HistoryThe Queen

#OnThisDay in 1953: The Coronation of Queen Elizabeth II Takes Place

The Queen ascended to the throne on 2 February 1952, upon the death of her father King George VI, but was not crowned for more than a year afterwards, as the period of mourning required wouldn’t allow a swift ceremony, and the planning behind it would take some time.

The Queen’s coronation date was chosen reportedly because it was the most likely to be a nice day, weather-wise, however, it rained for most of it. Queen Tupou III of Tonga became a crowd favourite when she rode an open carriage after the coronation, smiling and jubilant for all to see.

The Queen entered Westminster Abbey as “I Was Glad” played, preceded by St. Edward’s Crown. She proceeded up to the Theatre, where the ceremony was to be performed, along with her ladies-in-waiting, and those who would be performing the ceremony.

The next part was the Recognition, which involved the Queen presenting herself to all four sides of the Theatre, while the

In the Public Domain via Wikimedia Commons

In the Public Domain via Wikimedia Commons

Archbishop of Canterbury, the Lord Chancellor, Lord Great Chamberlain, Lord High Constable, and Earl Marshal, announced to all four sides – in order, East, South, West and North – said, “Sirs, I here present unto you Queen Elizabeth, your undoubted Queen: Wherefore all you who are come this day to do your homage and service, Are you willing to do the same?”

The reply to all four versions of the question was, “God save Queen Elizabeth!”

The Queen then took the Coronation Oath, administered by the Archbishop of Canterbury.

The Archbishop asked the Queen, “Will you solemnly promise and swear to govern the Peoples of the United Kingdom of Great Britain and Northern Ireland, Canada, Australia, New Zealand, the Union of South Africa, Pakistan and Ceylon, and your Possession and other Territories to any of them belonging or pertaining, according to their respective laws and customs?”

To which the Queen replied, “I solemnly promise so to do.”

After swearing more oaths, the Queen proceeded to the altar and vowed, “The things which I have here promised, I will perform, and keep. So help me God.”

The Queen then kissed the Bible, and the Communion Service began, followed by the Anointing, during which “Zadok the Priest,” a coronation anthem composed by Handel for the coronation of George II in 1724 was sung as the Queen sat in the Coronation Chair.

The Queen was hidden from camera view for the moment of anointing, as it was deemed too sacrosanct to be filmed.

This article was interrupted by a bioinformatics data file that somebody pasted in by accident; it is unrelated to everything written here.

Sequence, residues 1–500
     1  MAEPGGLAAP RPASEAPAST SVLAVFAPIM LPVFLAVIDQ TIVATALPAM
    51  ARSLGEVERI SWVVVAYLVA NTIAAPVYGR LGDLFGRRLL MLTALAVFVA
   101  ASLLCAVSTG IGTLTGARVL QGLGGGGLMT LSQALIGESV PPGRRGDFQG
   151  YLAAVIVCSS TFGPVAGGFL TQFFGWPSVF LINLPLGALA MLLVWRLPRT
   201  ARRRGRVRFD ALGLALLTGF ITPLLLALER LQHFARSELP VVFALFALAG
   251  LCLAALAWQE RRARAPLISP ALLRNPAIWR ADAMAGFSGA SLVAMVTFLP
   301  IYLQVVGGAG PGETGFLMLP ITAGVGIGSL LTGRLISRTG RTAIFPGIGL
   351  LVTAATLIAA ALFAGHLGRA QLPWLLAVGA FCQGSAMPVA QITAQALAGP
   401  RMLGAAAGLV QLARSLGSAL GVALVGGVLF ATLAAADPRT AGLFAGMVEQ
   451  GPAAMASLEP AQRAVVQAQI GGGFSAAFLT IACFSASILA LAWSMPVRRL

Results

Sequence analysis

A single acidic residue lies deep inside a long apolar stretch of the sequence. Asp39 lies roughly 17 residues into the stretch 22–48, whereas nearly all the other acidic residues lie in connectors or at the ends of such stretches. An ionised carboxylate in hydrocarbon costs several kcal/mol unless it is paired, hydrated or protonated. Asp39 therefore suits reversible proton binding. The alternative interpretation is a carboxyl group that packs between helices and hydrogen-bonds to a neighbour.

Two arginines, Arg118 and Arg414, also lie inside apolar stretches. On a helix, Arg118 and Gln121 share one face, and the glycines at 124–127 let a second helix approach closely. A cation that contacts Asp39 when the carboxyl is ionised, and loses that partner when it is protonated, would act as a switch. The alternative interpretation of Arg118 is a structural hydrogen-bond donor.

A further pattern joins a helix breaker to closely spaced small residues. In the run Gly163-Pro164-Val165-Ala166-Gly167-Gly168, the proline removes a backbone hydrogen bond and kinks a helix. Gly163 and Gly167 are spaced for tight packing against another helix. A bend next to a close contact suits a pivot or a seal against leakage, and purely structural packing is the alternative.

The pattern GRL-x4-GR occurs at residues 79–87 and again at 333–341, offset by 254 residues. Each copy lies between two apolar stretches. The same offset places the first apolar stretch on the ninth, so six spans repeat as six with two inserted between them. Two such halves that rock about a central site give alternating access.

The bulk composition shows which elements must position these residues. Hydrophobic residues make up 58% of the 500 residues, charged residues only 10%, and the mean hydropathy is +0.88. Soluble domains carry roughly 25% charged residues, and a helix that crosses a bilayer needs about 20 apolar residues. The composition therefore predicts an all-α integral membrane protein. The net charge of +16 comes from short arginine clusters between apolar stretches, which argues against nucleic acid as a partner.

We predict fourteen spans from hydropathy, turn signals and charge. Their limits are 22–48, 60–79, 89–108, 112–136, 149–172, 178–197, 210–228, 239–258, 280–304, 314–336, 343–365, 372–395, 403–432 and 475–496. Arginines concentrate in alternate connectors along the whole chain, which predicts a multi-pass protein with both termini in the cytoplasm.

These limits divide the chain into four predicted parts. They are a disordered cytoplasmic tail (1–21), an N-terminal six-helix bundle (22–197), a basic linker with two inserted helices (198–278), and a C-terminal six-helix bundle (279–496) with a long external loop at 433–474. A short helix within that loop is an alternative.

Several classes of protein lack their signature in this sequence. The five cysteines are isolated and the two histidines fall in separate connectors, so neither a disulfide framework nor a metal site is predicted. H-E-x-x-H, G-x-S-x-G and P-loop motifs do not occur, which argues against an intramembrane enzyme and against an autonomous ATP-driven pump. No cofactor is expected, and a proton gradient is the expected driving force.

Following this, the Queen was presented with spurs, the Sword of State, Armills, Stole Bracelet, Robe Royal, Sovereign’s Orb, the Queen’s Ring, the Sovereign’s Sceptre with Cross, and the Sovereign’s Sceptre with Dove.

After the Benediction portion, the Queen returned to her throne and was lifted into it, and the princes and peers present paid their homages to her, first the Archbishop of Canterbury, then led by Prince Philip, her husband.

“I, Philip, do become your liege man of life and limb, and of earthly worship; and faith and truth I will bear unto you, to live and die, against all manner of folks. So help me God.”

He then kissed her crown and left cheek.

The Dukes of Gloucester and Kent also performed this task.

After all the homages were paid, the Queen removed all royal regalia and took Communion. Once this was finished, those assembled recited The Lord’s Prayer. The Queen put on the Imperial State Crown and held the Sceptre with the Cross and the Orb in both hands as the crowd sang “God Save the Queen” during her departure from Westminster Abbey.

The Queen returned to Buckingham Palace after a long procession led by thousands of military personnel from around the Commonwealth, and appeared on the balcony for a fly-past.

The Queen’s coronation marked the first time the event was broadcast on television. Her father’s had been broadcast on the radio, although parts of it were filmed by the BBC. The matter was debated heavily, and Sir Winston Churchill was staunchly against it, but Elizabeth was adamant that it be recorded.

To make the broadcast available the same day, RAF Canberras flew film footage across the Atlantic so that the Canadian Broadcast Company (CBC) could air it. It was the first non-stop transatlantic flight between the United Kingdom and Canada, and landed in Labrador, before the film was transferred to a CF-100 fighter jet, which made the trip to Montreal.

The coronation lasted just under three hours, beginning at 11:15 am and ending at 2:00 pm.

About author

Jess is a communications professional and freelance writer who lives in Halifax and has a passion for all things royal, particularly the British Royal Family.